As firefighters continue the battle to save the 800-year-old Notre Dame Cathedral, the Paris fire brigade has said that the fire is ‘potentially linked’ to the €6 million (about CAD$9 million) renovation on the church’s iconic spire and its 250 tons of lead.

Last week, the apostle statues that surrounded the spire were removed to be sent to the southwest of France for repairs, as part of the major overhaul planned for the landmark by the French state, the Catholic Church and charity groups.

The Friends of Notre-Dame de Paris foundation was incorporated in 2016 to assist the French state and the Church in raising the millions of Euros needed to fund the extensive renovations.

According to their page on the Notre Dame Cathedral's website, the most obvious repairs were needed to the spire and 12 apostle statues, aging stonework threatening the stability of the whole building, decorative stonework (such as pinnacles and gargoyles) in disrepair, and extensive water damage that had accrued over the decades.

The spire collapsed in Monday’s blaze, but firefighters were hopeful that they could save Notre Dame’s two front-facing towers.

The façade of the cathedral was scrubbed down over a decade ending in the 2000s, and over the years stained glass windows and bells have been replaced, but the true extent of the structural damage has only been made clear in recent years – with references to the building’s impressive history of damage and repair that have contributed to its current state.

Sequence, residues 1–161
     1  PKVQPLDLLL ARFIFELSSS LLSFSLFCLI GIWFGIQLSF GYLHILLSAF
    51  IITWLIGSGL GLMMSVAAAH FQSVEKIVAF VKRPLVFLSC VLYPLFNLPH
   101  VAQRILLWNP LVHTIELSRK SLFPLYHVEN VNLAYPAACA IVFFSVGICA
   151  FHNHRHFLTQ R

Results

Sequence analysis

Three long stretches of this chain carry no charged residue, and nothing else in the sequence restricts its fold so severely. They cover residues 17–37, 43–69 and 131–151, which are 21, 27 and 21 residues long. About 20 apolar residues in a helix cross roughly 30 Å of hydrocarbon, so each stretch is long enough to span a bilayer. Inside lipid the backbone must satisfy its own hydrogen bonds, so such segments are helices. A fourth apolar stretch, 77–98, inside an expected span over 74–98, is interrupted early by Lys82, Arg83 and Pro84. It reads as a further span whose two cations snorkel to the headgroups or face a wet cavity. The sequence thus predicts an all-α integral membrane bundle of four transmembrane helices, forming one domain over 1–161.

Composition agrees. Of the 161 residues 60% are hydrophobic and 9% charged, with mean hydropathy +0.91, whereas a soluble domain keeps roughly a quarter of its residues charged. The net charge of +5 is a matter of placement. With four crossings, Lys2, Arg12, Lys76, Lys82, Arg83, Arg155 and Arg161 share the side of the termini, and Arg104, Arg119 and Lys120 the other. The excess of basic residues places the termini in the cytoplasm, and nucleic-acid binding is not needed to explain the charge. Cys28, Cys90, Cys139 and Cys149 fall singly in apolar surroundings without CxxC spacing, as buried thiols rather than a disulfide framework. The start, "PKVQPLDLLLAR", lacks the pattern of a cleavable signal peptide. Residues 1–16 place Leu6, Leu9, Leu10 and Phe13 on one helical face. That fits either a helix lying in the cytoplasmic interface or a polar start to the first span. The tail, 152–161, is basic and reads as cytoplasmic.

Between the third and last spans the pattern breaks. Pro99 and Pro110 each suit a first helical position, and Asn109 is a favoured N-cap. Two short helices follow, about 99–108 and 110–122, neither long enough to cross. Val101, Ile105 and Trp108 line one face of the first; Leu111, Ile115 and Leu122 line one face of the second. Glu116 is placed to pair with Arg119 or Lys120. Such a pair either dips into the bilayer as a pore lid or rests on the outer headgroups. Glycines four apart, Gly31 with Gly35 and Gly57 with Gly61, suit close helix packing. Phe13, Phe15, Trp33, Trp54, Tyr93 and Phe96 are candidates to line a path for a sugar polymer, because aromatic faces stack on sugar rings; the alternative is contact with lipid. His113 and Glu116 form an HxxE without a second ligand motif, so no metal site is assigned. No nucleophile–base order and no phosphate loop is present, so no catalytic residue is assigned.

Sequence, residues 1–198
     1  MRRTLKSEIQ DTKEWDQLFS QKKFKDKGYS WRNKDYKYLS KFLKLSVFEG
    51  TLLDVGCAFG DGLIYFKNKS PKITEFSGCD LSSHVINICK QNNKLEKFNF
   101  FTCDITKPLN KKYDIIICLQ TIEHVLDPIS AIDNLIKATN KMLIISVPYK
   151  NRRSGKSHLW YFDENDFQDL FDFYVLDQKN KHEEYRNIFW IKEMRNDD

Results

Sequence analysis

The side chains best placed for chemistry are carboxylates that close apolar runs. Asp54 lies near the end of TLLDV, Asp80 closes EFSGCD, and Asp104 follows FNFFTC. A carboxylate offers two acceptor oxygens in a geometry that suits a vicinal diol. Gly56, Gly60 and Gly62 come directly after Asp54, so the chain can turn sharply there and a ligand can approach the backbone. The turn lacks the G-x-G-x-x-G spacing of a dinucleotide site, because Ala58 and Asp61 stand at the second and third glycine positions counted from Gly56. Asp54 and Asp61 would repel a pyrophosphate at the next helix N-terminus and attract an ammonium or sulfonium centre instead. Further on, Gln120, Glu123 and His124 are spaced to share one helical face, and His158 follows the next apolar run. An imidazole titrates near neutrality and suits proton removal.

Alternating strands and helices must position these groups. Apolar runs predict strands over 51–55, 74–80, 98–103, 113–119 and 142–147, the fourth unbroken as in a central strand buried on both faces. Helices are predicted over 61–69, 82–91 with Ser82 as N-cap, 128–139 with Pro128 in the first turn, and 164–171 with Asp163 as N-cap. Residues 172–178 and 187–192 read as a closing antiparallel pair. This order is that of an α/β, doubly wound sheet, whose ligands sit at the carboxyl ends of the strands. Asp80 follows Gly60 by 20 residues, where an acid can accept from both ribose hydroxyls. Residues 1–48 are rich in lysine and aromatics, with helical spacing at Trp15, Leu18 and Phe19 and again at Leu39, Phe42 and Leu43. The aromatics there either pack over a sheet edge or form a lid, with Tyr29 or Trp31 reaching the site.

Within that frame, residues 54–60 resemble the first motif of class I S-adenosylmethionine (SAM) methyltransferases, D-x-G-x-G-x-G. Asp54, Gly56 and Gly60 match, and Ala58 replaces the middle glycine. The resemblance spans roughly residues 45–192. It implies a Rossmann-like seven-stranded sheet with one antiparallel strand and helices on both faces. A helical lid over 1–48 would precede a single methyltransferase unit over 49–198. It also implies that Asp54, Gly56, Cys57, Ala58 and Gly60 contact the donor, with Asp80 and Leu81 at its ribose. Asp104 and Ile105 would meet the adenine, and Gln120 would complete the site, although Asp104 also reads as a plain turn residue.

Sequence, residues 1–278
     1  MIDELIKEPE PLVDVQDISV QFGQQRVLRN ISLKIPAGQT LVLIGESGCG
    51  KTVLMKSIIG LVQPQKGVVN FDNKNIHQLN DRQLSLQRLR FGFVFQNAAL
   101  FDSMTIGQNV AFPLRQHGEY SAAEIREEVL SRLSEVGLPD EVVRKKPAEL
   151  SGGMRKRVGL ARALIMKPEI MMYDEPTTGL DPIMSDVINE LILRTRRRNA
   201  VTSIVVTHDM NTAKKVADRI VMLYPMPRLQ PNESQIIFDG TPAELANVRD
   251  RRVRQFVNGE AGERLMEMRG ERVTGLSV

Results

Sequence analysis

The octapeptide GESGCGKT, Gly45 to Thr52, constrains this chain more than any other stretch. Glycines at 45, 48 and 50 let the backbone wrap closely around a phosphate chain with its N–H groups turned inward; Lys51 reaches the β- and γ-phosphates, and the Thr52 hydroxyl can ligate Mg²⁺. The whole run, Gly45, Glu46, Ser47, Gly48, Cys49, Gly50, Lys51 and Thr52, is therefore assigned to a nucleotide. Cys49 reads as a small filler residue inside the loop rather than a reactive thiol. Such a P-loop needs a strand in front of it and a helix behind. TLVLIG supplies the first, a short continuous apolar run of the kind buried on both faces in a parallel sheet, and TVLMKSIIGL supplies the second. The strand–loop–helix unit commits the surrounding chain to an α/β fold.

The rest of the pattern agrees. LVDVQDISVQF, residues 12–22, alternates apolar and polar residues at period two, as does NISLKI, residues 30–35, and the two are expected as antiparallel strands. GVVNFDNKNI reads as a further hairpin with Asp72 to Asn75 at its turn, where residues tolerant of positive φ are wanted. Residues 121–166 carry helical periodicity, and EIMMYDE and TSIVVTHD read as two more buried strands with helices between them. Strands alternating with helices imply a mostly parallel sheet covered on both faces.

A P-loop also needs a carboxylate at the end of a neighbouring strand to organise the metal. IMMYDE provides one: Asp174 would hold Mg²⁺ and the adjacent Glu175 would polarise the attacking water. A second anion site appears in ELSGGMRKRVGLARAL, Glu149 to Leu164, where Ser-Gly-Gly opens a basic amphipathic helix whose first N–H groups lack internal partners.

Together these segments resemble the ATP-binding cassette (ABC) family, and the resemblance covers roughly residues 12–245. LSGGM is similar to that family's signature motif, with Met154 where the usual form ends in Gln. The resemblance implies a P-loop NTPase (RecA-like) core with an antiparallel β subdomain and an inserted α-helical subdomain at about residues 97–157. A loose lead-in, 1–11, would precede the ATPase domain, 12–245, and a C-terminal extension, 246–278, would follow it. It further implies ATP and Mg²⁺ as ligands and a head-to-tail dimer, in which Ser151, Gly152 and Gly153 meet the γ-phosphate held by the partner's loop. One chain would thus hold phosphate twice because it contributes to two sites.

The cathedral received the first of its major overhauls in the 19th century, when architects redid the iconic spire and added the flying buttresses, partially in response to neglect and damage caused by French revolutionaries.

Victor Hugo, the famous French novelist and poet, mentioned the state of the cathedral in his 1831 novel “Notre-Dame of Paris,” writing; “one cannot but regret, cannot but feel indignant at the innumerable degradations and mutilations inflicted on the venerable pile, both by the action of time and the hand of man.” 

The Ministry of Culture summarized the needed repairs in a 2014 audit and estimated the cost to be €150 million, with the French state funding €2 million annually in upkeep.